Gay-rights advocates harp on Chrysler ad campaign

AUBURN HILLS, MI: Any mixture of car advertising and gay lifestyle seems to be a recipe for trouble for automakers these days.

AUBURN HILLS, MI: Any mixture of car advertising and gay lifestyle seems to be a recipe for trouble for automakers these days.

In 2005, the American Family Association's (AFA) called for a boycott of Ford because of the automaker's support for gay issues. Ford pulled its advertising from gay- and lesbian-themed magazines claiming it was a business decision. Two weeks later the automaker reversed its decision. 

Then BMW two weeks ago was lambasted by a Gay-focused website for being hypocritical by advertising in the same magazines, but not offering same-sex couple benefits to employees. 

This week, it's Chrysler's ad for the 2007 Dodge Caliber that has raised hackles among gay rights advocates.

The ad, created by BBDO Worldwide, is entitled "Too Tough" and features a fairy using her wand to turn a tough-looking guy with a big dog into a pastel-clad man walking four small dogs on pink leashes.

Gay advocates say the male character in the ad has stereotypically gay characteristics and that "fairy" is a belittling term used to describe a homosexual man.

"This guy looks pretty gay to me," said Jeffrey Montgomery, executive director of the Detroit-based Triangle Foundation, a group promoting rights for gay, lesbian, bisexual and transgender (GLBT) people, in a story in Thursday's Detroit Free Press. "I'm willing to believe they didn't intend it to be a gay man, but I don't believe they're shocked someone would draw that conclusion."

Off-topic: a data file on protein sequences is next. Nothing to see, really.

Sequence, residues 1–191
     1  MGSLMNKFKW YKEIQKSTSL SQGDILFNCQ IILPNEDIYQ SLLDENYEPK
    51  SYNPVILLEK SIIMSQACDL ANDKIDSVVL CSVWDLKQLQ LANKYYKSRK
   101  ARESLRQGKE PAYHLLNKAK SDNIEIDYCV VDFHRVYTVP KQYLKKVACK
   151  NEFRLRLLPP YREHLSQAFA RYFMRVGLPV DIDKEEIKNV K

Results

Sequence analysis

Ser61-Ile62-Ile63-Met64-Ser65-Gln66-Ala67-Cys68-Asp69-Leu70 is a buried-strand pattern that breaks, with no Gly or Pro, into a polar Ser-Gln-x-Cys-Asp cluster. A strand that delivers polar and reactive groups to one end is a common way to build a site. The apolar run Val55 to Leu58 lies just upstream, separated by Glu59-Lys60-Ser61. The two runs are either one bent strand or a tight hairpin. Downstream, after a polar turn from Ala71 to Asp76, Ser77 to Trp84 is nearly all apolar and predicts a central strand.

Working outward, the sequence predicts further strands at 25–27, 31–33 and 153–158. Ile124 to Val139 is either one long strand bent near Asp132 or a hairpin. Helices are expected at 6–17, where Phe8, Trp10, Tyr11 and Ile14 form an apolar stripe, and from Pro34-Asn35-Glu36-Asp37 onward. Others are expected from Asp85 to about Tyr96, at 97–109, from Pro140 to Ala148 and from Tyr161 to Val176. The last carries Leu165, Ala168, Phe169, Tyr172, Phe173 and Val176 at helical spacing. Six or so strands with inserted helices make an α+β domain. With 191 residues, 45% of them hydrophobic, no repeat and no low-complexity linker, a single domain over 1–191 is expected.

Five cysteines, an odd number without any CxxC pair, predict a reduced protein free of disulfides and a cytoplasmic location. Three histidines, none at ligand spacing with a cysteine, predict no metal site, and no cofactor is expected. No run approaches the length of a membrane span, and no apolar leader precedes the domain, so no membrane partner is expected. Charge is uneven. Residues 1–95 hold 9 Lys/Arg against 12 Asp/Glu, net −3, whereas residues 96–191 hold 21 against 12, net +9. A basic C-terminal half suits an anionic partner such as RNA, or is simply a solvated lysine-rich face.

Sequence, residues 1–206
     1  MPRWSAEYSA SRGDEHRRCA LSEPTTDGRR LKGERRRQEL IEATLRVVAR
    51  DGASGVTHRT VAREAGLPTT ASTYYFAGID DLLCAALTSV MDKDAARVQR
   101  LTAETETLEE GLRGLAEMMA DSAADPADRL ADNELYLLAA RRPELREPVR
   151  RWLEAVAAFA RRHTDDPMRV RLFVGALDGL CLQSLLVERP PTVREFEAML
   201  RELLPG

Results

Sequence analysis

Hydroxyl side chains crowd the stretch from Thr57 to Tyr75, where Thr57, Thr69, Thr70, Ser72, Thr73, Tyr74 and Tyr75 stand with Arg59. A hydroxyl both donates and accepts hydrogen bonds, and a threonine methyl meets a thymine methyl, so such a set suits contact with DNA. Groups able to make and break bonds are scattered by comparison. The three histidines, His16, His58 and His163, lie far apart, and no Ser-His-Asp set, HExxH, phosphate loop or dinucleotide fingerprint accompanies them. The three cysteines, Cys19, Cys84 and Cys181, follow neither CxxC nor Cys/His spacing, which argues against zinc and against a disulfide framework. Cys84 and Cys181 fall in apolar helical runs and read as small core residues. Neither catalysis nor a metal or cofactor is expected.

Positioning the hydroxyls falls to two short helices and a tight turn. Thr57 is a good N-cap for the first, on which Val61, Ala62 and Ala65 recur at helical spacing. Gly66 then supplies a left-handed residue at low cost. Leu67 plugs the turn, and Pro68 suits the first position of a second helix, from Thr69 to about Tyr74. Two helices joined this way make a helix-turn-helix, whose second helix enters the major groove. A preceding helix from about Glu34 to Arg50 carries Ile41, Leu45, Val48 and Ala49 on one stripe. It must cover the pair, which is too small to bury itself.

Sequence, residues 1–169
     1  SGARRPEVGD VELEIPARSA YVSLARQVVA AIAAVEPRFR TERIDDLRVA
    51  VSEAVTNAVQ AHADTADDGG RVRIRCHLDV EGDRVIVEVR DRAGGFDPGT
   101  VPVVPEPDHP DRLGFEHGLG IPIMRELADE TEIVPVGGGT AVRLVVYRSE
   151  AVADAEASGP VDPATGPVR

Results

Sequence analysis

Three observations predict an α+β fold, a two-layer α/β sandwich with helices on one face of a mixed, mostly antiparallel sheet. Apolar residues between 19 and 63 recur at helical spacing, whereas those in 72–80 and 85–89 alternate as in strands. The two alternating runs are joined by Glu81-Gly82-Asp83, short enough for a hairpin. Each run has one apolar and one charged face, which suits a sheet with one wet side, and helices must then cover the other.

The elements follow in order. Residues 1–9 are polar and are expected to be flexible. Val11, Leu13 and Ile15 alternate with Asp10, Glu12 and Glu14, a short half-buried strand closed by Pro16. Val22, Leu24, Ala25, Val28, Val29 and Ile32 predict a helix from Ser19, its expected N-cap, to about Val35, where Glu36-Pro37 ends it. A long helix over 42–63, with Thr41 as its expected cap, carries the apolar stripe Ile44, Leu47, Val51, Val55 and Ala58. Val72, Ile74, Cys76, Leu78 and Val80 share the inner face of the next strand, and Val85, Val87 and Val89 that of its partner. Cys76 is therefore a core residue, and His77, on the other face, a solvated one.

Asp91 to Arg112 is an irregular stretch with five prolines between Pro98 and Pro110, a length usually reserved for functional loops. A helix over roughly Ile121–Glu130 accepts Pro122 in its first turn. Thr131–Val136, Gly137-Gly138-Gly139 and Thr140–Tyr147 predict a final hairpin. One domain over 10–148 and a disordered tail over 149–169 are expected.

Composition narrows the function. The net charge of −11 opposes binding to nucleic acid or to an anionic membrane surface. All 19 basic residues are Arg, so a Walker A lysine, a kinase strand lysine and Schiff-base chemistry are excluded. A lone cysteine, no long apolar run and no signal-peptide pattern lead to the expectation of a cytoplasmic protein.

Suraya Dasante, PR manager for Chrysler Jeep and Dodge communications, said DaimlerChrysler was stunned by the gay community's reaction.

"We are surprised that the gay community, a community that has worked so hard to end stereotyping would make the conclusion about an individual's sexual orientation based solely on their clothing and the type of dog they're walking," Dasante said. "I would turn it around and ask the gay community if they're suggesting that all men who wear light colored shirts, white shorts and knee socks are gay. Or are they suggesting that all gay men dress alike? Or is the gay community saying that individuals who wear work boots and jeans and have large dogs can't be gay?" 

While the company is currently committed to continuing the ad, Dasante said the agency was monitoring the situation.

"We always keep a close eye on things. And it's clearly never our intent to offend any consumer or potential consumer," Dasante said "I would never say anything's impossible."

Have you registered with us yet?

Register now to enjoy more articles and free email bulletins

Already registered?
Sign in